Executive, Ministries and Administrative Agencies
preeminence, Japanese officials, MITI, private enterprises, MOFA
Japanís ministries and agencies are staffed primarily by career civil servants. Most ministries have only two politically appointed postsóthe minister and one of two vice ministers. The influence of career ministry and agency officials is enhanced by several features of the organization of Japanís government. First, the size of the national civil service is relatively small compared to most other industrial democracies. The civil service also is highly professional, with potential employees subject to strict national examinations. Finally, nearly all civil servants in Japan spend their entire careers within a single ministry or agency. Although temporary transfers to other agencies have become common, there is little opportunity for permanent career change among public agencies or, until retirement, into private enterprises. Japanese officials thus develop a strong sense of identification and loyalty to the single ministry or agency in which they work. Each of these factors contributes to the cohesion and stability of Japanís ministries and agencies and thereby their political influence.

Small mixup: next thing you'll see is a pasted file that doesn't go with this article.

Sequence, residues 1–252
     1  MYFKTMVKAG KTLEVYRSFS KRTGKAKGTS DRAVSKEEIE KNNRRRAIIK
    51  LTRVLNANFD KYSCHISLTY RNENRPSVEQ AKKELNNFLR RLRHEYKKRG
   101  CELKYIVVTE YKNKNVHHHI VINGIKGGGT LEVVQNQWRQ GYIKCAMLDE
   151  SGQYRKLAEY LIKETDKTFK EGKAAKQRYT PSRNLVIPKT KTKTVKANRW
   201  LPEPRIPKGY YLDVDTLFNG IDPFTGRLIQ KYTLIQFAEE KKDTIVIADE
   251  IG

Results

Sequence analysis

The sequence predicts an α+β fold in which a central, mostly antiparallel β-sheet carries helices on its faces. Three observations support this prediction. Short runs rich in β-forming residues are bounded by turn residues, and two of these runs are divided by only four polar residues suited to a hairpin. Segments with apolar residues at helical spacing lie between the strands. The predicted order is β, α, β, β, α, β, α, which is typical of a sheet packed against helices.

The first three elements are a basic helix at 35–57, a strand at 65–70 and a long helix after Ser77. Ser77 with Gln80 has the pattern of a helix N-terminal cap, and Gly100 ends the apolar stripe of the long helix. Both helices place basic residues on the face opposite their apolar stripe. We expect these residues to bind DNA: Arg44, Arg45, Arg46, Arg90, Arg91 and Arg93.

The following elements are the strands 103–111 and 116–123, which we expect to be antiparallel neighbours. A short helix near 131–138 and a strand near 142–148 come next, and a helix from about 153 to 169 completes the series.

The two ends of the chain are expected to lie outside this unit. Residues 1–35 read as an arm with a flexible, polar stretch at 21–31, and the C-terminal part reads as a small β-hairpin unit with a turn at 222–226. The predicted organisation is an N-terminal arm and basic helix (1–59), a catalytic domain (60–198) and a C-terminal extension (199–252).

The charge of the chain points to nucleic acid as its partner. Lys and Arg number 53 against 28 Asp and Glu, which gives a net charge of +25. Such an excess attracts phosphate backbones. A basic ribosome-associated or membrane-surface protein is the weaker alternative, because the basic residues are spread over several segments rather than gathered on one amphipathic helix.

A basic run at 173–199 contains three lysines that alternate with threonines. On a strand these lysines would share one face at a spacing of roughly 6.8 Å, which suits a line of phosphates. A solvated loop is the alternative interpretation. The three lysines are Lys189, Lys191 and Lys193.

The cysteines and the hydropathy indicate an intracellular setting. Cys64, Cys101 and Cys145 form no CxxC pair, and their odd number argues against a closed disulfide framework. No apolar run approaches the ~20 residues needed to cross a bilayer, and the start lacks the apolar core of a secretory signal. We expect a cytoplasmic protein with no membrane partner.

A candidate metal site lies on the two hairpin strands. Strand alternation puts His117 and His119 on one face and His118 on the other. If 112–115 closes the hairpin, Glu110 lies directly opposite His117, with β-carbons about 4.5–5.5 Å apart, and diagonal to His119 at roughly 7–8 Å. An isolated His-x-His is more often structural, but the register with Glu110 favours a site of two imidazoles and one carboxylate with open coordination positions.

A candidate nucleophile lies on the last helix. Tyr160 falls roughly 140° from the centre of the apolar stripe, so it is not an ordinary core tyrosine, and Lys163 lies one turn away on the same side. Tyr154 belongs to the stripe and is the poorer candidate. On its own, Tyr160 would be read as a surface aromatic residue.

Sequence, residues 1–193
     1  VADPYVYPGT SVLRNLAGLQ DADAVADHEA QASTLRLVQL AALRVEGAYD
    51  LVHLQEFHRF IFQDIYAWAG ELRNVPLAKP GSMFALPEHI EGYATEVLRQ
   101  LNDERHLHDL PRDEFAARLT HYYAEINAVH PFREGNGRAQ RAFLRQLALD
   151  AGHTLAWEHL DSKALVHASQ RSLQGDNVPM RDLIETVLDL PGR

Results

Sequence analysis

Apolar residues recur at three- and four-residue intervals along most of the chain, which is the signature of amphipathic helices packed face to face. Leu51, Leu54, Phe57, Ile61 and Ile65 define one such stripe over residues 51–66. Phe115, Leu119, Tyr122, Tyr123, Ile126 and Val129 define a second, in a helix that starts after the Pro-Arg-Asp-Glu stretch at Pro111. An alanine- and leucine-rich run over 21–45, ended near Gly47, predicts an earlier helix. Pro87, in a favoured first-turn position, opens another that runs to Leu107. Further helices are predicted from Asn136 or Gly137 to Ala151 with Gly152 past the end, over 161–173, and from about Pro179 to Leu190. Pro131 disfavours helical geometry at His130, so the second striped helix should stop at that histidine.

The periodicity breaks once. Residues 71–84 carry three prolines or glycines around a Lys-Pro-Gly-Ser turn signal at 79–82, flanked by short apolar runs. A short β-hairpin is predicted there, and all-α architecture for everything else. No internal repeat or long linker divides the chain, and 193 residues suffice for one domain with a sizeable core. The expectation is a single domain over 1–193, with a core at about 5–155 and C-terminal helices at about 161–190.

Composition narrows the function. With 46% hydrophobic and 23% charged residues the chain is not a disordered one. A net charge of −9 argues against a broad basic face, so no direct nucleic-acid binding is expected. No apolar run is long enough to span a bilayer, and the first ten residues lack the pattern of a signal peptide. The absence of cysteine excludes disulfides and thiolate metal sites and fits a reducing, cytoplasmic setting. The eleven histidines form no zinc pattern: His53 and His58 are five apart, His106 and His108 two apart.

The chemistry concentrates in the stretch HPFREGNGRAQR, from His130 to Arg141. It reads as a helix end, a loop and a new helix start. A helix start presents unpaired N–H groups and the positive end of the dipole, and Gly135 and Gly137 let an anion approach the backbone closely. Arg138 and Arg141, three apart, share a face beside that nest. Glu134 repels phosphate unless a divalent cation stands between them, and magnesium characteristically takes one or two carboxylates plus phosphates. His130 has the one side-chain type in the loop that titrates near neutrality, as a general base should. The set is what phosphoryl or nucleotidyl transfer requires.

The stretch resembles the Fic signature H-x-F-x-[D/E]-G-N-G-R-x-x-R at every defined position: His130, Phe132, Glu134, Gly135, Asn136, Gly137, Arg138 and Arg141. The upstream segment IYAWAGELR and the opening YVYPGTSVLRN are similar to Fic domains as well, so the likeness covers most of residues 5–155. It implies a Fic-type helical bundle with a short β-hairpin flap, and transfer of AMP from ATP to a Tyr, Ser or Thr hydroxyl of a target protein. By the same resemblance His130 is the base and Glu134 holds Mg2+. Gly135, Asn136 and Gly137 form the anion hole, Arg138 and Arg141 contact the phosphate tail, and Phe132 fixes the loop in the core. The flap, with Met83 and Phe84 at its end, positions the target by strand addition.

Some ministries wield more influence within the government than others. The Ministry of Finance (MOF) initially formulates the annual budget, which ensures its preeminence among all the ministries. The Ministry of International Trade and Industry (MITI), which has jurisdiction over export and import policies as well as domestic industrial policy, is also very influential. The Ministry of Foreign Affairs (MOFA) is another top organization. The prestige of these ministries makes them highly sought-after places of employment and draws some of Japanís best minds to public service.
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